Years ago I read The Trusted Advisor by David Maister, Charles H. Green and Robert F. Galford. It was one of the first books I had read that I felt really applied to lawyers.
I was so impressed that we formed a group of lawyers at my old firm who read the book together and met monthly to share ideas. We actually captured our main takeaways in two PowerPoint presentations and shared those with other lawyers in the firm.
Let me share one example I found helpful:
In The Trusted Advisor the authors made a point that technical skills are not enough. You have to see the world from your clients point of view.
They quote Stephanie Wethered, an Episcopal priest who describes our ability to emphatically listen as being in direct relation to how closely we can feel what the other person feels. The authors then list 23 things that good listeners do. According to Maister, Green and Galford, they:
- Probe for clarification
- Listen for unvoiced emotions
- Listen for the story
- Summarize well
- Listen for what’s different, not for what’s familiar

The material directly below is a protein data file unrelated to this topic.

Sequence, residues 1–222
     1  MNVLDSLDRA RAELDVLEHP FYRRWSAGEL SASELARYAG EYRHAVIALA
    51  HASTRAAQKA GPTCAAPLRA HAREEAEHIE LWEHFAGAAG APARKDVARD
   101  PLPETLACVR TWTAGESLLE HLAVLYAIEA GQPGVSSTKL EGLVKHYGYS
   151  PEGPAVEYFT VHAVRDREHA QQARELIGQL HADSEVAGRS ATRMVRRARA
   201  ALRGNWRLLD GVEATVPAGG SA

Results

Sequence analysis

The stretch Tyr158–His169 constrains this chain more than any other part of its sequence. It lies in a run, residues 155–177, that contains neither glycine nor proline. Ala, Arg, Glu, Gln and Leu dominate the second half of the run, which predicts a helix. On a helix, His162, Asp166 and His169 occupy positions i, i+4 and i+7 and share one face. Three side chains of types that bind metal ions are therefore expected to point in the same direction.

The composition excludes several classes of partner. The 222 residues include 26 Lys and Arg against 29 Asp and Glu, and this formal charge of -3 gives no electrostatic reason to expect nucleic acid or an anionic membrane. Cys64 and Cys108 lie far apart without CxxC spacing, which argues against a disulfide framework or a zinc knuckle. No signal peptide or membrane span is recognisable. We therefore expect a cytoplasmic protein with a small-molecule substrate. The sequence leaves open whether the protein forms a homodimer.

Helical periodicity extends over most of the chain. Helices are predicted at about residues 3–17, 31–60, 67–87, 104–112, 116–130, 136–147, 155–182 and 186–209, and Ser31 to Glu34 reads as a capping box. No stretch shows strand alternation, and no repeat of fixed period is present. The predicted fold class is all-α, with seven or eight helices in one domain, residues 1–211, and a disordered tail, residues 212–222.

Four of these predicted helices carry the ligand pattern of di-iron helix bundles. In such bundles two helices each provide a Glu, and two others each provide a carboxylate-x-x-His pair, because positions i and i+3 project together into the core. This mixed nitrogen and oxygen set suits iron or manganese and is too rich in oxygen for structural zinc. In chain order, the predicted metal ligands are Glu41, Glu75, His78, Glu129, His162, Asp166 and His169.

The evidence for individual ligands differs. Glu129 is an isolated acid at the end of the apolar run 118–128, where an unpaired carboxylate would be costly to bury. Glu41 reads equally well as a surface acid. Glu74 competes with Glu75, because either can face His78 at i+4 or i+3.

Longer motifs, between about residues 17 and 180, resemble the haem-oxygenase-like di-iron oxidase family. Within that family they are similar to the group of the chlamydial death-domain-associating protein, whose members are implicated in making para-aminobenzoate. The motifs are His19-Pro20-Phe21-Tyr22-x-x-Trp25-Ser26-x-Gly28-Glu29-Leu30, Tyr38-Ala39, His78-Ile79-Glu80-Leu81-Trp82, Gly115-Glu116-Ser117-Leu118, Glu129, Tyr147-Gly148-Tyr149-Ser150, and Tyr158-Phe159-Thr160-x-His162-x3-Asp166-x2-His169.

- Take it all seriously (they don’t say, “You shouldn’t worry about that”)
- Spot hidden assumptions
- Let the client “get it out of his or her system”
- Ask “How do you feel about that?”
- Keep the client talking (“What else have you considered?”)
- Keep asking for more detail that helps them understand
- Get rid of distractions while listening
- Focus on hearing your version first
- Let you tell your story your way
- Stand in your shoes, at least while they’re listening
- Ask you how you think they might be of help
- Ask what you’ve thought of before telling you what they’ve thought of
- Look at (not stare at) the client as he or she speaks
- Look for congruity (or incongruity) between what the client says and how he or she gestures and postures
- Make it seem as if the client is the only thing that matters and that they have all the time in the world
- Encourage by nodding head or giving slight smile
- Are aware of and control their body movements (no moving around, shaking legs, fiddling with a paper clip)
These are great tips and just one reason The Trusted Advisor is well worth reading, and sharing ideas.